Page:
Favourite titles at German Film Festival
by Bénédicte Prot
The Audience Award, or “Coup de cœur”, at the 13th Paris German Film Festival, which closed on Tuesday, went to Ulla Wagner’s The Invention of the Curried Sausage [+see also:
film profile]. The film won Best Actress at the Montreal Film Festival for Barbara Sukowa, who plays a vivacious woman who while the Nazi forces are growing weary transforms her apartment into an island of tranquillity for her young lover, a deserter. When the war ends, the only way to keep him by her side is to hide this fact from him.
The film – launched domestically on September 11 by Schwarz-Weiss – was produced by TAG/TRAUM Filmproduktion (who are also handling international sales), in co-production with Berlin-based Känguruh-Film and several regional and domestic funds.
Among the excellent selection of films, The Heart is a Dark Forest [+see also:
film profile] demonstrates the talent of the young generation of German directors. This second directorial feature by actress-turned-filmmaker Nicolette Krebitz explores a modern form of maternal sacrifice in the face of male liberties, through the utter confusion and stupefaction of Marie (played by a remarkable Nina Hoss), a wife and mother who discovers that her husband (Devid Striesow) has a second family.
The protagonist thus drifts, with total indifference for the other characters and in a haze of memories, towards a Medea-like epiphany against the unreal backdrop of a nocturnal masquerade in a castle that recalls Kubrick’s last film. The dynamic cinematography (lauded by the Association of German Critics) and the meticulous screenplay and dialogues were acclaimed by Paris audiences. The film was produced by X Filme Creative Pool and international sales are being managed by The Match Factory.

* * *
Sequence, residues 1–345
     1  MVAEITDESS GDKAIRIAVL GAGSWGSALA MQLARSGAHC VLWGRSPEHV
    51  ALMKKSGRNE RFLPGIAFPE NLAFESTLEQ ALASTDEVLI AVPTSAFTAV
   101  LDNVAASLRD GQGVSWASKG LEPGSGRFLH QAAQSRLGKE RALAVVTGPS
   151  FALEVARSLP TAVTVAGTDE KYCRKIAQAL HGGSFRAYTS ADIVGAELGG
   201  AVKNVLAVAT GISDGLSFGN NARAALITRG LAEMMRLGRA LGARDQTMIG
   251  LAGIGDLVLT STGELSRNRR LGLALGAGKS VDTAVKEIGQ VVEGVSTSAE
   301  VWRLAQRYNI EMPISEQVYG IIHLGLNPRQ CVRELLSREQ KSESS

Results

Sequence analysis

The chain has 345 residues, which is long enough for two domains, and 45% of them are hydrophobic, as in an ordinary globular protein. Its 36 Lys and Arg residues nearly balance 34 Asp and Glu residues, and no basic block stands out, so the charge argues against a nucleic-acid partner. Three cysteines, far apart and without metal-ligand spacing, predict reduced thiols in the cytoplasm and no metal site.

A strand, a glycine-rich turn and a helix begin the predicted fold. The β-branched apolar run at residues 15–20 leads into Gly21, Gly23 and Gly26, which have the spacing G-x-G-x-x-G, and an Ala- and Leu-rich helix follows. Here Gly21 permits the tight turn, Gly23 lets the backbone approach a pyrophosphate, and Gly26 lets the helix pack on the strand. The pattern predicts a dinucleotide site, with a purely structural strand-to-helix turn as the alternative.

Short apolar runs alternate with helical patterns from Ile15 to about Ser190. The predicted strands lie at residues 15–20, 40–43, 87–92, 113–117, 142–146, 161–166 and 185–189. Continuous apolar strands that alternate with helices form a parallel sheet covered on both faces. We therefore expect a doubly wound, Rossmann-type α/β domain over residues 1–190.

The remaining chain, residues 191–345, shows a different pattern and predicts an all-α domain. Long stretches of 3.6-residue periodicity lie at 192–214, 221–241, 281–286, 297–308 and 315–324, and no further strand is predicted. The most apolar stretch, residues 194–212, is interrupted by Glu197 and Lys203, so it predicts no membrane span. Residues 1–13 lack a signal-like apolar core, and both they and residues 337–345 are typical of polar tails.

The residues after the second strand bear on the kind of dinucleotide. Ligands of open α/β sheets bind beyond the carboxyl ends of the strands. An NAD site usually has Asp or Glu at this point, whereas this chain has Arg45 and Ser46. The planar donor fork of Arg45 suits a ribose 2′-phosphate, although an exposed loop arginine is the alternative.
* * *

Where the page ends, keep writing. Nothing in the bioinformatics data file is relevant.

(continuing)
The festival’s closing film, A Year Ago in Winter [+see also:
film profile] by director Caroline Link (who won an Oscar in 2003 for Nowhere in Africa [+see also:
film profile]), also touched viewers. A painter (Josef Bierbichler) is commissioned to produce a painting by a mother (Corinna Harfouch) who has just lost her son and wants him to come back to life on canvas beside his sister Lilli (Karoline Herfurth), a beautiful and timid dancer. During the artist’s attempts to understand this family and the son’s suicide in order to produce a true painting, Lilli becomes the real subject of the portrait, as well as her relationship with her brother.
As the brushstrokes (as gentle as the film’s cinematography) give life to a gaze of knowing tenderness, the sister learns to accept her brother’s death. The film was produced by Bavaria and Constantin, while international sales are being handled by French company Celluloid Dreams.
(Translated from French)
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